Why shouldn't you be afraid of geolocation?
"The reports of [geolocation being scary] are greatly exaggerated." It is only fitting to repurpose the famous quote from American author Mark Twain when discussing geolocation technologies because the news coverage has not told the full story. With any new technology, there is potential for abuse and deceptive practices, and this is true for geolocation as well.
While the FTC and FCC oversee the privacy regulations for consumer location data, businesses that use geolocation technologies should always be as transparent as possible with customers and end customers. LocationSmart believes privacy, security and transparency are paramount so we developed our cloud-based location platform with comprehensive notification and opt-in/opt-out management capabilities. We also follow CTIA best practices to ensure our business complies with the latest industry privacy standards.
Geolocation technologies enable a number of critical business functions for a variety of industries from tracking shipments and managing mobile workers to verifying transactions and routing emergency personnel to stranded motorists. In this blog post, we will outline two common examples of how geolocation can be a hero and not the villain.
Mobile Device Verification vs. Card-Not-Present Fraud
Have you ever received a call or email from your bank asking you to verify a purchase? If yes, then your bank likely uses mobile device verification services to prevent card-not-present (CNP) fraud. This process uses the location of your mobile device as a tool to verify the purchase. If the purchase seems suspect then your bank will get in touch with you to verify the transaction.
Unfortunately, CNP fraud is a growing problem because businesses are slow to adopt EMV or "chip" card technologies. A study by iovation and the Aite Group estimates that CNP fraud losses will reach $7.2 billion by 2020. Luckily, mobile device verification is one way to help prevent it.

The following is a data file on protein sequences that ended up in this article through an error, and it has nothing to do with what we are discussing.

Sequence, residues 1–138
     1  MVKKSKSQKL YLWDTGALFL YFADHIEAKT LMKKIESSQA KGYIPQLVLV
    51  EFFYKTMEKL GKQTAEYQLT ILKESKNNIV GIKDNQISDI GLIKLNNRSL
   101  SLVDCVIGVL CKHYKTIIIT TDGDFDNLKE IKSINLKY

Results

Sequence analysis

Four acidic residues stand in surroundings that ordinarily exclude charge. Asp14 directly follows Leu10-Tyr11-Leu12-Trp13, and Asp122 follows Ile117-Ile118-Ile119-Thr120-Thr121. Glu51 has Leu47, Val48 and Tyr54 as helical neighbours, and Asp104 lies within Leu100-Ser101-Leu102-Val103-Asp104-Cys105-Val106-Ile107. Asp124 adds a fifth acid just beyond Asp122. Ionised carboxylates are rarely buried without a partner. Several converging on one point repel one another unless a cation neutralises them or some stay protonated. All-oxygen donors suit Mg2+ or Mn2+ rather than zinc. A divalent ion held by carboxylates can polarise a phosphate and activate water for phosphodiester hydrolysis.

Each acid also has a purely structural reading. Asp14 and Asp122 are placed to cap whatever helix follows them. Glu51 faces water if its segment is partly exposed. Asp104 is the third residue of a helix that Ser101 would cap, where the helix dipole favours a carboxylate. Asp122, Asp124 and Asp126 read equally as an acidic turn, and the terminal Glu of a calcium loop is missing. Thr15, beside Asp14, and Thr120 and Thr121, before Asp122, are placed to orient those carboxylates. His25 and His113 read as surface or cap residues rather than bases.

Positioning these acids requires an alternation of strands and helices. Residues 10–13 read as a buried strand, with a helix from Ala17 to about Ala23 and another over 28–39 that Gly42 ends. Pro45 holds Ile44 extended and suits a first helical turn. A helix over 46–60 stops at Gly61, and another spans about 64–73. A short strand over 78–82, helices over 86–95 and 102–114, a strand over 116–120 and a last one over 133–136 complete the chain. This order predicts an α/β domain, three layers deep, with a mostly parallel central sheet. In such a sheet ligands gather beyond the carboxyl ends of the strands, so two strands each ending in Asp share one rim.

Identity Confirmation vs. Account Hacking
Cloud services like those offered by Microsoft, Apple and Google enable consumers to access their accounts using nearly any connected device. These companies build unique account profiles for customers based on their activities. Location data from a customer's device - usually IP addresses - is another key component for account profiles and it is vital for identity confirmation.
Hackers can steal a customer's login information and password but they can be stopped short of their goal if the customer uses two-factor authentication.
If a company like Apple or Google does not recognize the hacker's device or its location, then the company will halt the login process. Once the device is flagged, the company will then send the customer an email alert and/or SMS message to confirm the new device. The hacker will need access to these messages in order to complete the login process. Identity confirmation using location data is another great tool to protect your sensitive information. This is especially relevant as Yahoo announced that nearly 500 million user accounts were breached in 2014.
It behooves everyone to be informed and vigilant when it comes to their privacy in our digital world.